Raiders! The Story of the Great­est Fan Film Ever Made and Raiders of the Lost Ark: The Adap­ta­tion

Pasatiempo - - PASATIEMPO - Raiders.

1981 was a great year to be a kid at the movies — films like Time Ban­dits, Mad Max 2: The Road War­rior, Ex­cal­ibur, An Amer­i­can Were­wolf in Lon­don, and Clash of the Ti­tans opened that year. But the flick that trumped them all at the box of­fice was Steven Spiel­berg’s spe­cial ef­fects-laden Raiders of the Lost Ark ,an old-fash­ioned epic in­spired by the se­rial ad­ven­tures of the 1930s and ’40s. Sud­denly kids every­where were sport­ing In­di­ana Jones’ fa­mil­iar brown fe­dora, car­ry­ing a bull­whip and pis­tol, and us­ing their Be­ta­max video cam­eras to shoot their own back­yard ad­ven­tures. Raiders spawned three se­quels, a tele­vi­sion se­ries, video games, nov­els, and sev­eral Walt Dis­ney theme park at­trac­tions. It was a B-movie story with an A-list cast, state-of-the-art movie magic, and enough blood and gore to in­spire a kid to fol­low a ca­reer path to Hol­ly­wood’s magic fac­to­ries and learn from such in­dus­try wizards as Chris Walas, the man be­hind Toht’s melt­ing face in Raiders, one of the coolest makeup ef­fects in cin­ema history. It was the kind of movie that made you want to make movies.

Raiders opened in the­aters in June of that year. It was nom­i­nated for sev­eral Acad­emy Awards, in­clud­ing Best Pic­ture, and won four of them: for sound, art di­rec­tion, edit­ing, and vis­ual ef­fects. Any shot-by-shot re­make would be a dif­fi­cult tech­ni­cal chal­lenge to pull off at best, but that’s what two friends in Ocean Springs, Mis­sis­sippi — Eric Zala and Chris Strompo­los — set out to do in the sum­mer of 1982. Their friend Jayson Lamb joined them the fol­low­ing year. They were all around eleven and twelve years old. Their film is the sub­ject of Jeremy Coon and Tim Sk­ousen’s new doc­u­men­tary Raiders! The Story of the Great­est Fan Film Ever Made, and no “making of” doc­u­men­tary has made me want to see the movie it’s about more than this one. Their fan film is also the 2012 sub­ject of a book by Alan Eisen­stock. The doc­u­men­tary tells two sto­ries in one, mov­ing back and forth from past to present to tell them. One is about the making of Raiders of the Lost Ark: The Adap­ta­tion, the kids’ film, and the other is about the same peo­ple, now adults, who re­unite to ful­fill a child­hood dream. The doc­u­men­tary screens as part of the Santa Fe Film Fes­ti­val on Sun­day, Dec. 6, fol­lowed by a screen­ing of Raiders of the Lost Ark: The Adap­ta­tion. For a do­na­tion, the film is avail­able at www.raider­s­guys.com as a down­load or on DVD.

The doc­u­men­tary de­tails the cir­cum­stances of the young moviemak­ers’ lives. Back in the ’80s, Eric Zala was be­ing raised by a sin­gle, di­vorced par­ent in a di­lap­i­dated old house with cracked walls and sag­ging ceil­ings. Maybe that’s why his mother let him turn it into a movie set, part of which could be hoisted to the liv­ing room ceil­ing when not in use. Eric be­came the project’s di­rec­tor and also played the role of the chief vil­lain, Dr. René Bel­loq, Paul Free­man’s role in the orig­i­nal film. Chris Strompo­los’ par­were ents, too, di­vorced. He lived with his mother and an abu­sive, al­co­holic step­fa­ther. For him, In­di­ana Jones was a kind of ideal adult male fig­ure — one that he could look up to — and he took on the star­ring role as Indy, also be­com­ing the film’s pro­ducer. Jayson Lamb, an ec­cen­tric kid who smoked pot and was into nude shamanic danc­ing, com­pleted the trio. He had a cre­ative streak and knew how to do makeup ef­fects and use squibs, tricks he’d learned by read­ing about Tom Savini and other makeup artists. Jayson worked on spe­cial ef­fects for the pro­duc­tion and was the cin­e­matog­ra­pher. They en­listed friends to act as cast and crew. The film’s un­sung hero is Eric’s younger brother Kurt, who played nu­mer­ous roles and suf­fered many in­dig­ni­ties in the form of death scenes. At times, dozens of chil­dren were par­tic­i­pat­ing in the project at once. They were not af­flu­ent or priv­i­leged kids, and many came from bro­ken homes. They grav­i­tated to­ward Chris and Eric, whose movie be­came their bedrock. Over the course of the next seven sum­mers,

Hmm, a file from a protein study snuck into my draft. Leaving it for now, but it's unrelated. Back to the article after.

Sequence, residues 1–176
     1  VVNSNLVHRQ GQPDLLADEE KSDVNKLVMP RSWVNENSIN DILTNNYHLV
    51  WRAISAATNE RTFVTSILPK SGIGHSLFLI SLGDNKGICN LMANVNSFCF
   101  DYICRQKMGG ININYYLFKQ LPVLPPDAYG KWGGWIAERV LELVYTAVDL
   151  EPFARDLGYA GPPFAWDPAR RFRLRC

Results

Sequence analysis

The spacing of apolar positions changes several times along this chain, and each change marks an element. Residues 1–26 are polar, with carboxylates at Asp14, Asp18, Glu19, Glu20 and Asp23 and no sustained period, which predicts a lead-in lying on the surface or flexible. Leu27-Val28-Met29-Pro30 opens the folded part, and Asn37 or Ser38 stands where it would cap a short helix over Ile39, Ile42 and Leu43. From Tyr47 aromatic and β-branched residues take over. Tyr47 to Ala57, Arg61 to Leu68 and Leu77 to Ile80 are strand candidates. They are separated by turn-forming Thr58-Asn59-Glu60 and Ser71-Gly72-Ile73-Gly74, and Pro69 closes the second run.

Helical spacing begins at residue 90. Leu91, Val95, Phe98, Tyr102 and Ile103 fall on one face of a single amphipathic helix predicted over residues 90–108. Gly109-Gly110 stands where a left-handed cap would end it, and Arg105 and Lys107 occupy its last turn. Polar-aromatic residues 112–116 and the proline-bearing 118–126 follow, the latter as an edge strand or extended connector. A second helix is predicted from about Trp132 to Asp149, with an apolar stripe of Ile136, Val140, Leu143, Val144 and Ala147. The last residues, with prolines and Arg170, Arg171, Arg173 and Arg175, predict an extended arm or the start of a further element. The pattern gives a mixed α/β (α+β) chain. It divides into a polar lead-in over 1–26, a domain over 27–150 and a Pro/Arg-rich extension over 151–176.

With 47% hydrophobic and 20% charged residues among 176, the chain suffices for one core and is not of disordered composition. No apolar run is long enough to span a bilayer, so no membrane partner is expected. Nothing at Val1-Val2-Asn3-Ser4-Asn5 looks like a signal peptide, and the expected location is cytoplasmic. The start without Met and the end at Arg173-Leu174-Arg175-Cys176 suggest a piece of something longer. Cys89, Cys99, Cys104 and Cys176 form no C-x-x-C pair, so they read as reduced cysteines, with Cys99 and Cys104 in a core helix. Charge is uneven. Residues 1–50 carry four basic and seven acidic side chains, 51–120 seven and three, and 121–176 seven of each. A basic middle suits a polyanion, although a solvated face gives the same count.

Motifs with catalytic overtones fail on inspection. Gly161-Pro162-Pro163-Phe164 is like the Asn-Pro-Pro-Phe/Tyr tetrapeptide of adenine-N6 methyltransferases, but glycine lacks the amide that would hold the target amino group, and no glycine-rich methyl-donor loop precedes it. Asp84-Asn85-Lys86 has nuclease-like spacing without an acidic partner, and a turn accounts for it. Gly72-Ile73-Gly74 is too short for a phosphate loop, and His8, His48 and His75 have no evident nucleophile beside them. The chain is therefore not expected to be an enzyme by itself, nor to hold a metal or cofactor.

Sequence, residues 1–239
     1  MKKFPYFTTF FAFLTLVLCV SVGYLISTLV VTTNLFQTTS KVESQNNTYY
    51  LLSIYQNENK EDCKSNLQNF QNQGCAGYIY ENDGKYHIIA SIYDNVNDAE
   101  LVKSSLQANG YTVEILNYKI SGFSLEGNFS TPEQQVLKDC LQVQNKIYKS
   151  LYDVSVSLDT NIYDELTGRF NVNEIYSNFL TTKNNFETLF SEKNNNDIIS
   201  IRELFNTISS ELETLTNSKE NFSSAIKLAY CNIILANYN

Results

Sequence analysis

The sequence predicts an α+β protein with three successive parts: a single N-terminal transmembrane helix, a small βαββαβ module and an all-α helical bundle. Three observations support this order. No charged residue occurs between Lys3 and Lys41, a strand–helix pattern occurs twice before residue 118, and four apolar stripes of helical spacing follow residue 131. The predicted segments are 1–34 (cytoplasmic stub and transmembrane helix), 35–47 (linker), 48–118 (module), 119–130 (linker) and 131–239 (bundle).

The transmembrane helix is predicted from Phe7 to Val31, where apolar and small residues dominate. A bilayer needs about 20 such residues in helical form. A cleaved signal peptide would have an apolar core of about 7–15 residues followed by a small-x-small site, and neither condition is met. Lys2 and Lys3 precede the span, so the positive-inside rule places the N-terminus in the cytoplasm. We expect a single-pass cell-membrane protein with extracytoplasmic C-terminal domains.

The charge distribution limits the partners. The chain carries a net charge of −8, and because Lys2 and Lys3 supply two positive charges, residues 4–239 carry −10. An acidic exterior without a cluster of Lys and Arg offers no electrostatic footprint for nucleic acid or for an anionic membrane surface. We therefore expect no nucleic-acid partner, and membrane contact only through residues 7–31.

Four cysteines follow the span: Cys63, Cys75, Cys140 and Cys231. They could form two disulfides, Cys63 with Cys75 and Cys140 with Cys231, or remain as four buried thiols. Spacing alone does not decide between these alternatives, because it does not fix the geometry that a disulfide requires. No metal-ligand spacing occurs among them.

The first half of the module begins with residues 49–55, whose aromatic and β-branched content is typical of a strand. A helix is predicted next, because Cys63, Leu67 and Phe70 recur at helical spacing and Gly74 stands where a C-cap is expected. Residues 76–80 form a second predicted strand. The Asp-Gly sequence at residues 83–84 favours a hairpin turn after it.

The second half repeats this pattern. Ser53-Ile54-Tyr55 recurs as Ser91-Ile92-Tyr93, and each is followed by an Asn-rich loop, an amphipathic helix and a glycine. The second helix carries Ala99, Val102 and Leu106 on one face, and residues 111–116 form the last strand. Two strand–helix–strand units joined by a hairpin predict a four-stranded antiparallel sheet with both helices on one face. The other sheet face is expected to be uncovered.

In­di­ana Jones. Al­ways knew some­day you’d come walkin’ back through my door. — Mar­ion Raven­wood

(Karen Allen) in Raiders of the Lost Ark

it would come to de­fine their youth. It would also be­come the stuff of movie-geek leg­end.

From the start, they aimed to make as faith­ful a re­make as pos­si­ble, with only mea­ger means avail­able to them. If the back­ground called for Arab dig­gers ex­ca­vat­ing the ru­ins at Ta­nis, then they would dress their friends as Arabs and place shov­els in their hands. But they had to im­pro­vise. When they needed props, they re­quested them as Christ­mas and birth­day gifts. Ja­son Mel­ton (Capt. Katanga) loaned out his ger­bils as stand-ins for rats, and they even found a role for Chris’ dog Snick­ers. They made use of a derelict old truck with no en­gine and no brakes, pulled along by ropes, re-cre­at­ing the stunts in the truck chase scene with­out any pro­fes­sional ad­vice or ex­per­tise. Over the course of those seven years, they spent more time with the charac­first ters than the ac­tors who played them. The kids evoke the spirit of the ac­tors in the orig­i­nal while making them their own, es­pe­cially Chris as Indy. At one point, Eric un­can­nily chan­nels Bel­loq al­most ex­actly as Free­man played him. Judg­ing from the footage as­sem­bled here, there is enough fa­mil­iar ma­te­rial to call their film a trib­ute, but its cre­ative en­ergy is unique.

The boys grew up over the course of the pro­duc­tion, so their ages shift back and forth dur­ing the film be­cause scenes were filmed out of se­quence. The project con­sumed them from pre-pu­bes­cence into their teenage years, and up into their first years of col­lege. Since they were es­sen­tially film­ing their childinevitably hoods, mile­stones were caught on­screen. Eric con­vinced a pretty older girl named An­gela Ro­driguez to play the role of Mar­ion Raven­wood (Karen Allen in the Spiel­berg orig­i­nal). When they shot the cabin scene, it was the first time Chris had ever kissed a girl.